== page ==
Thread poster: Yolanda Bello Olvera

Yolanda Bello Olvera  Identity Verified
Member (2006)
English to Spanish
+ ...
Jul 8, 2008



6-8 NOVEMBER 2008

The current trend for most universities is to (re)discover the language
phenomenon, as part of the new experience of intercultural worlds that we
are facing. Although intercultural interaction is not confined to
universities (but has been part of our everyday life for centuries), these
are having to redefine their position, not only in terms of enrolments, but
also in terms of programmes, goals, staff members, target groups, etc, and
the Bologna (and Sorbonne and Lisbon) declarations have given official shape
to this redefinition. On the other hand, universities still depend to a
large extent on national governments and policies, while maintaining their
own local and regional traditions.

Given the ultimate purpose of universities (*universe-cities*),
"globalization" is a key concept and the language issue is a strategic one,
be it on campus, in classes, within everyday society, or as a challenge for
international success and efficiency. But there are strong indications
concerning the insufficiency of our language (and translation) programmes
within this new (globalizing) environment.

Translation Studies might be symptomatic of this situation: translations
were envisaged on a rather local basis, as operations taking place between
two languages, but it has now become obvious that the binary view on
language(s) is outdated. The use of worldwide and permanent communication is
no longer exceptional, but forms part of the unavoidable and basic
functioning of almost all universities. By changing their approach to
language(s), they change their own composition and even identities and

Many members of academia make use of traditional political views on
languages; the question is whether academic societies will really function
as "universe-cities" when sticking to the traditional language policy
(approach) that is used within the nation-state model. Interdisciplinary
research worldwide indicates that our future approach to societies will need
to avoid defining "globalizing" tendencies in terms of - just - stereotyping
or standardizing. Diversity may need to support our attitudes toward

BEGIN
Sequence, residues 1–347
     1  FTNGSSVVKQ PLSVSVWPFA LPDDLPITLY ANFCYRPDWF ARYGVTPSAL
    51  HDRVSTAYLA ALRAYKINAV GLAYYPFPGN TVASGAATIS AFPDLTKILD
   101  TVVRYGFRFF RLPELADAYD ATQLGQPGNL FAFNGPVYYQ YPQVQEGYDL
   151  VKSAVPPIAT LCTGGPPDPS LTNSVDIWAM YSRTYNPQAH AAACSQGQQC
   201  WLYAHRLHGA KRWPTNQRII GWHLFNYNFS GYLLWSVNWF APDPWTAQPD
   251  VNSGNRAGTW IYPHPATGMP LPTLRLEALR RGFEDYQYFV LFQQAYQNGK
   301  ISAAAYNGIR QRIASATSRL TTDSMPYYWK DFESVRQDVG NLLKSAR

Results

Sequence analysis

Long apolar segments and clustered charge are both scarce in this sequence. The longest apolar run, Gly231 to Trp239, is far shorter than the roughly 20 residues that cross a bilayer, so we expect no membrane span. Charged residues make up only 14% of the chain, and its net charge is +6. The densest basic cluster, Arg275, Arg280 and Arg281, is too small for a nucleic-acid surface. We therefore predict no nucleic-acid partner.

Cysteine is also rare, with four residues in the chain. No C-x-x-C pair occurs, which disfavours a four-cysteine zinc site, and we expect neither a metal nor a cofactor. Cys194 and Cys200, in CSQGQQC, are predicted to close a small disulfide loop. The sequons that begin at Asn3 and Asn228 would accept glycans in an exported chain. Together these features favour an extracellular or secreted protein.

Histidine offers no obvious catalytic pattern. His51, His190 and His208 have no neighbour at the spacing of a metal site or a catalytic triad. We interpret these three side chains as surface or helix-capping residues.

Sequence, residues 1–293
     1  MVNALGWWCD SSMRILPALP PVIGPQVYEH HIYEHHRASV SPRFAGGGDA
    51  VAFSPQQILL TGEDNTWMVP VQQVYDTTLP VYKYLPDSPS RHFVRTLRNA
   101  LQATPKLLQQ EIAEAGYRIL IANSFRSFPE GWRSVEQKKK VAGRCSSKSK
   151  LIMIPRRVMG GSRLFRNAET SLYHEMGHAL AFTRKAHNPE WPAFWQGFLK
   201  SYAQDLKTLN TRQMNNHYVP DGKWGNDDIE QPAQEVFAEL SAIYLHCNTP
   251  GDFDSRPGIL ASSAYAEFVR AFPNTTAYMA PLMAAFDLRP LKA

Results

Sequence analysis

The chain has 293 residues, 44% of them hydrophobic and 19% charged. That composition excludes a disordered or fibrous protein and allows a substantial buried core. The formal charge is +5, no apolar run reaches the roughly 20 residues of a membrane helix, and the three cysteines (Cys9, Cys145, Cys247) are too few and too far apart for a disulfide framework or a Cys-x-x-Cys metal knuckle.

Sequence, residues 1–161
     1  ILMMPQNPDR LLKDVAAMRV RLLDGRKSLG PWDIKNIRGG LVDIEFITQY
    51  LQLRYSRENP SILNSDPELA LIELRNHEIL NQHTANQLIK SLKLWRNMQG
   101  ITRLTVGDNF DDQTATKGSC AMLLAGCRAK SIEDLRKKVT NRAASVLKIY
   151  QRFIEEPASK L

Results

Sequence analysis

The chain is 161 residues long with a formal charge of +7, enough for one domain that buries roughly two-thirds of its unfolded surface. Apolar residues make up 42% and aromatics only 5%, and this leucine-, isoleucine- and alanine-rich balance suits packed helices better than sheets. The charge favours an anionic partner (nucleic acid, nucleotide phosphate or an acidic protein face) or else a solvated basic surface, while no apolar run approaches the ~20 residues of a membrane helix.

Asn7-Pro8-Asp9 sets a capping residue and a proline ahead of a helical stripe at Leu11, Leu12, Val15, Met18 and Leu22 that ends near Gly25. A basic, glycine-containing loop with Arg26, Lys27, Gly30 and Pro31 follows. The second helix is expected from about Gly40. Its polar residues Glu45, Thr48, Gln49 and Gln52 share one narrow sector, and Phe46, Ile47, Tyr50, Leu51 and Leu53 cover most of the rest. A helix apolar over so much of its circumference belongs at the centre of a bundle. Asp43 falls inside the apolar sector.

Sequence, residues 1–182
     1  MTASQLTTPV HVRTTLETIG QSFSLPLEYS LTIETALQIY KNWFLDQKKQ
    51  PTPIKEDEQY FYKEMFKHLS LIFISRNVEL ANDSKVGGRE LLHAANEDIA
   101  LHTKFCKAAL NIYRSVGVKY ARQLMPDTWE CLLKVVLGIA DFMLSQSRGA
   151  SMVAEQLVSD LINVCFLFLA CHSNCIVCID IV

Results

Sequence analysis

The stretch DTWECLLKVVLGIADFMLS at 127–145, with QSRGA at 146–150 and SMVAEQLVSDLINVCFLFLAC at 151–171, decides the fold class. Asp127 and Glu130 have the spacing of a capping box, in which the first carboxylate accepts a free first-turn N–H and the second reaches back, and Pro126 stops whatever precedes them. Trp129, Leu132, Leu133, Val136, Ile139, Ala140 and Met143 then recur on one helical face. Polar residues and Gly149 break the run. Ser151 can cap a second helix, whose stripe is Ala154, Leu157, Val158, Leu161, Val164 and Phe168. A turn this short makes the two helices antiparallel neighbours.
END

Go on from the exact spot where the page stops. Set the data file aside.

communication (with the whole world, not just with the pre-selected
so-called elites).

The aim of this symposium is to find out and discuss the exact
implication(s) of the various communicative changes entailed by the
internationalization (globalization) of language (and translation)

In order to go beyond the translation/languages field and open our
perspective to other disciplines, we welcome paper presentations discussing
research in relation to any of the following areas:

- Languages, multilingualism and society
- Translation/Interpreting studies in the global era
- Translation and social psychology
- Organization theory and univer-cities
- Translation and political studies
- The international book market
- The (print/audiovisual) media world

Papers involve a 20-minute presentation in English, Spanish or French,
followed by a 10-minute discussion.

A selection of papers and reports will be published: the possibility of
combining volumes in different languages (English/Spanish) will depend on
the actual proposals. Texts for publication (first draft, open to revision)
should be handed in to the organizing committee during the symposium.

Please send maximum 300-word abstracts (in English, Spanish or French)
including keywords, together with a 100-word biodata paragraph by
15thAugust 2008 to the organizing committee (

Successful proposals will be notified of their acceptance by 15th September

The following plenary speakers have confirmed their participation in the

JOSE LAMBERT (Catholic University of Leuven)

THOMAS HARRINGTON (Trinity College in Hartford – Connecticut)

ANTHONY PYM (University Rovira i Virgili)

REINE MEYLAERTS (University of Leuven)

ANDRÉS PEDREÑO (University of Alicante)

PEDRO AULLÓN (University of Alicante)

DOROTHY KELLY (University of Granada)

JEROEN VANDAELE (University of Oslo)

ANNA RODERICK (Multilingual Matters)

*For more information, please visit


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